It was estimated that AI spending would reach $35.8 billion globally in 2019. With so much research being done, it’s not unexpected that some applications of the technology would border between useful and bizarre.
Here are five ways AI is being used in unexpected and unusual ways.
Sepsis is a life-threatening complication that can occur in any patient with an infection. It is treatable when diagnosed in time, but, left untreated, sepsis causes organ failure and death. According to the Johns Hopkins Whiting School of Engineering, an AI system called TREWScore can help doctors diagnose sepsis 24-hours earlier than other methods. It can also monitor other diseases, such as diabetes and high blood pressure.
Miso Robotics created “Flippy,” a robot that could cook burgers, clean the grill, and learn from its surroundings. Flippy was able to perfectly grill 150-300 burgers per hour, but his career was short-lived because his human colleagues couldn’t assemble the burgers as quickly as they were being cooked. Regardless, this is still an incredible example of how AI can work with humans to increase efficiency.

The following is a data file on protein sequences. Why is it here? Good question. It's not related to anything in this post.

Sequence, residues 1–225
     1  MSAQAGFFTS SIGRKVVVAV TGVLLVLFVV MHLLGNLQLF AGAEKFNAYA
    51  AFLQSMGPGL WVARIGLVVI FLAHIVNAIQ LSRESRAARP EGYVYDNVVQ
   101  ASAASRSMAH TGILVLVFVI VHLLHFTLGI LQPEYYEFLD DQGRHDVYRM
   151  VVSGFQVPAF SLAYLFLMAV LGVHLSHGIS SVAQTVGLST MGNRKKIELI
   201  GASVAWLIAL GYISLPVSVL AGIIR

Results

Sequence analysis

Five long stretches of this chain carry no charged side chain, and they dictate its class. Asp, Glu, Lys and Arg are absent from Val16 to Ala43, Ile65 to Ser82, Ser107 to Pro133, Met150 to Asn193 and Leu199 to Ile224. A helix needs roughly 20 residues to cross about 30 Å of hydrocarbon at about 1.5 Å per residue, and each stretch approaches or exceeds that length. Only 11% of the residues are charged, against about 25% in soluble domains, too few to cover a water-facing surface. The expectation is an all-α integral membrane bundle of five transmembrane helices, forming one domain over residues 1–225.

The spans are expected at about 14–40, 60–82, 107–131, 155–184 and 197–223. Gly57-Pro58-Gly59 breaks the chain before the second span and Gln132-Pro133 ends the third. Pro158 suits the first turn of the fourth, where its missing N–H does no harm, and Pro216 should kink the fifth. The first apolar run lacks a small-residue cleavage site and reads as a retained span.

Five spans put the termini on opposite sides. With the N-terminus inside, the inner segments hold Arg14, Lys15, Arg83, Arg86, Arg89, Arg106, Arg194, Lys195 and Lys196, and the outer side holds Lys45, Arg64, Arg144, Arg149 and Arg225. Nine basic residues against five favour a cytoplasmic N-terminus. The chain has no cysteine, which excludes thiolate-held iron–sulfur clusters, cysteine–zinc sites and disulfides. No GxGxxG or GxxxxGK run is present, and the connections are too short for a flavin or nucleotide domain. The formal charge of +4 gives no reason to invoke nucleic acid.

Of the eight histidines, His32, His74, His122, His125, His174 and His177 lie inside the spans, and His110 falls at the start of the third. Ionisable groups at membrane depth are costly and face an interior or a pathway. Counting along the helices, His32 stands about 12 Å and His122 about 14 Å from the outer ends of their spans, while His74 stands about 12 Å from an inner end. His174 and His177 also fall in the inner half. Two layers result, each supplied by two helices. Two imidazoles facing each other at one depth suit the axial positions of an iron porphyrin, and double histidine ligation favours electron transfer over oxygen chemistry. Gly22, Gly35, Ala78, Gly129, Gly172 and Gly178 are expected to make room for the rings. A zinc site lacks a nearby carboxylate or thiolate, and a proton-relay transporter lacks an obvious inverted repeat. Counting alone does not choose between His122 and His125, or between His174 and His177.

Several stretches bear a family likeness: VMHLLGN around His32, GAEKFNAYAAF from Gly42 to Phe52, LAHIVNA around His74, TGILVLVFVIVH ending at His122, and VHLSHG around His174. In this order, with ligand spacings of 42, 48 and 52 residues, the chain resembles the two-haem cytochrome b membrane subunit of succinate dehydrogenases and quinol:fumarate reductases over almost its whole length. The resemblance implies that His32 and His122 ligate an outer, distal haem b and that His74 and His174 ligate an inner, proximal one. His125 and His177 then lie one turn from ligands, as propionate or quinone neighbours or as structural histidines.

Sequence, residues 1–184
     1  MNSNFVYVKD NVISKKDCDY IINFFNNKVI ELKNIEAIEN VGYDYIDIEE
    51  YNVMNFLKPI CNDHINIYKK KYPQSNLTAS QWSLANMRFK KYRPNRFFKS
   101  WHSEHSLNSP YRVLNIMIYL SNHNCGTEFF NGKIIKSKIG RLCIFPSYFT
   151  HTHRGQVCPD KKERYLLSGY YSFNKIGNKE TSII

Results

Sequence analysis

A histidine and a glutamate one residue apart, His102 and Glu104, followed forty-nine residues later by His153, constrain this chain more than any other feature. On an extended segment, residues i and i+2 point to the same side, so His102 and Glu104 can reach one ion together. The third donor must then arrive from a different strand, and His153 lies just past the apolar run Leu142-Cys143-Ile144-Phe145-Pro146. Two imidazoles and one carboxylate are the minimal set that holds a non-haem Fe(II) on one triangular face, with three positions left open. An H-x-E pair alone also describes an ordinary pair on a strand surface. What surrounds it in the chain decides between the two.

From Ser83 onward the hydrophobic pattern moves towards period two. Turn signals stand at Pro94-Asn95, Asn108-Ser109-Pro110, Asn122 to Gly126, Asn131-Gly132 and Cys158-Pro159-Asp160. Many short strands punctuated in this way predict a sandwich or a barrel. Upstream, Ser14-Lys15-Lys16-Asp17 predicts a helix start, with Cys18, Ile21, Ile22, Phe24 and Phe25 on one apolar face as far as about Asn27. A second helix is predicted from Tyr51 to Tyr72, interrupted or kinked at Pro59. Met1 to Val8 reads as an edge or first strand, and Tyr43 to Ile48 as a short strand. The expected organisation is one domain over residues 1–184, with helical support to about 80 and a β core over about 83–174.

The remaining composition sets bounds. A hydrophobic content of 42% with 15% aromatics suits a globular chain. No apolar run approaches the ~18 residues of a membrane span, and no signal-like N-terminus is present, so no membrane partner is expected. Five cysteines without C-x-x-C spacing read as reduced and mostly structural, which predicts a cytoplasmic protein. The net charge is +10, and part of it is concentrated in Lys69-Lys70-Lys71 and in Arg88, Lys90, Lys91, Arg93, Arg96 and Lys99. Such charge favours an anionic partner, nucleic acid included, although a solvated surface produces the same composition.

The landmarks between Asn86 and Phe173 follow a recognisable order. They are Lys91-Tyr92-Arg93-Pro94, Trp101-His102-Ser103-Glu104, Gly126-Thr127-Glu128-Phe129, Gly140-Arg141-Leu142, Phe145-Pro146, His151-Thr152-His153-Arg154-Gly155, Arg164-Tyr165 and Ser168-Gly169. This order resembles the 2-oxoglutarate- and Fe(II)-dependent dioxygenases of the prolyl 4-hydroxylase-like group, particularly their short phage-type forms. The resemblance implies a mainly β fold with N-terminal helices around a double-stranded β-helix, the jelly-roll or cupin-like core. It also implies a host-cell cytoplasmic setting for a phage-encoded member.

The art of making perfume began long before modern technology existed, but it’s a process that was brought into the 21st century with the use of AI. IBM Research and Symrise, a German fragrance house, partnered to create a new method for mixing perfumes. It analyzes existing fragrances to determine which scents sold best for specific demographics. Considered to be a perfumer’s apprentice, it accelerates the design process by predicting successful new combinations.
Creating Inspirational Quotes
Having a bad week? Head over to inspirobot.me for a pick-me-up. This AI system generates quotes and places them on an aesthetically-pleasing background. On my first try, I was presented with a quote that said, “Only when you learn to accept how other people see foolishness, will you actually discover recognition.”
Wildlife Poaching Preservation
To protect endangered wildlife from poachers, wildlife conservation areas have been established worldwide. However, there are rarely enough rangers to properly monitor these large protected regions. To solve this issue, the Queen Elizabeth National Park in Uganda uses predictive modelling to map efficient routes for park rangers to patrol, leading to better protection for endangered species.